FREE SERVICE: Get tips like this every week in ExcelTips, a free productivity newsletter. Enter your address and click "Subscribe."

View most recent newsletter.

Comments

If you would like to add an image to your comment (not an avatar, but an image to help in making the point of your comment), include the characters [{fig}] in your comment text. You’ll be prompted to upload your image when you submit the comment. Maximum image size is 6Mpixels. Images larger than 600px wide or 1000px tall will be reduced. Up to three images may be included in a comment. All images are subject to review. Commenting privileges may be curtailed if inappropriate images are posted.

What is 4 + 1?

2016-04-12 09:54:22

JMJ

@Jack
Hi, you should read the lines at the top of the page: "This article is written for users of the following Microsoft Excel versions: 97, 2000, 2002, and 2003"
In these versions, the tip is by no means "gibberish", and works perfectly!
J-M J


2015-12-04 14:02:33

michael adel

To Paste Names In Excel 2013 - this worked (partially) for me:
1 - Select a blank area of a worksheet
(Suggest using a new worksheet)
2 - Select Formulas tab
3 - Under Defined Names select Use in Formula
4 - Select last option 'Paste Names'

Note: Not all range names (or columns) will be in this list. Only named ranges that are 'Scoped to Workbook' are listed. (I see over 25 names via Name Manager, but only 8 show up using this technique.)

Note: When you use Name Manager you see five columns (Name, Value, Refers To, Scope, Comment). Paste Names doesn't provide column headings but you only get 'Name' and 'Refers To'.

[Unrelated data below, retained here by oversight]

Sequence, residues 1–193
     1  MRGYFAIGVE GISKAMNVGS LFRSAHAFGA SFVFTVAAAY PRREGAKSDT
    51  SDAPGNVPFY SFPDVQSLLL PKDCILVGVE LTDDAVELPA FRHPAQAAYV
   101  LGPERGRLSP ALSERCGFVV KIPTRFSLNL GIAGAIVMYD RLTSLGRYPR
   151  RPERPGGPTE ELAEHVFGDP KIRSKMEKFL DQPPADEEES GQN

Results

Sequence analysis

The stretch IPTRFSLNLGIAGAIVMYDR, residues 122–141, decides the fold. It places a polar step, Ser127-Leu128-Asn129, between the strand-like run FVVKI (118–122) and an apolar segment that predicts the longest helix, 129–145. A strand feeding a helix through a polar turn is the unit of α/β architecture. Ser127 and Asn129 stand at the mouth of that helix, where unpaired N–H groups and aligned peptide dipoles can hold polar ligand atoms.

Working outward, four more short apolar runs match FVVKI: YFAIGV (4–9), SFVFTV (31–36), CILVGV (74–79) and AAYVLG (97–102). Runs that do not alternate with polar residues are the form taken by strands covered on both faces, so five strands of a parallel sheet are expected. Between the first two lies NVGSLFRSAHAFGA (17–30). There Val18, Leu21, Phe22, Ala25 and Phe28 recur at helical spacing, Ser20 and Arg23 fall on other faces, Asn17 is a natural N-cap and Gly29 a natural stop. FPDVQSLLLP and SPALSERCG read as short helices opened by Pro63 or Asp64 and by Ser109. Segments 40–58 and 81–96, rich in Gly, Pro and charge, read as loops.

I took a screen shot to get a hardcopy of the range names. I hope someone has a way to capture all names and all columns into cells.

Please, if you suggest something make sure it works before posting - rather than "try xyz".


2015-10-04 15:17:25

Jack

Thank you Mary for the correct instruction, other than that this advice is gibberish...!!!


2015-09-29 02:28:23

sreekhosh

Wow this saved lot of time


2015-08-12 23:14:46

Mary Moore

I am an instructor who teaches Excel 2013 and below are the steps to list the range names you created in your workbook

1. Click the Formulas tab
2. Click the drop-down arrow for the Use in Formula button
3. Select Paste Names
4. Click the Paste List button


2015-05-31 14:53:59

Ricky

How do you do this in the Mac version of excel 2011?


2015-04-29 19:54:25

Phippsey

I found a Youtube demo on how to do this. In Excel 2013 (have not tried other versions) press the F3 key to get the dialog box. I too could not find the "Name option" using the instructions above


2015-03-22 12:14:56

John Stafford

Can you add a picture of this, not finding it the latest version of excel... in the insert tab... off to another website....


This Site

Got a version of Excel that uses the menu interface (Excel 97, Excel 2000, Excel 2002, or Excel 2003)? This site is for you! If you use a later version of Excel, visit our ExcelTips site focusing on the ribbon interface.

Newest Tips
Subscribe

FREE SERVICE: Get tips like this every week in ExcelTips, a free productivity newsletter. Enter your address and click "Subscribe."

(Your e-mail address is not shared with anyone, ever.)

View the most recent newsletter.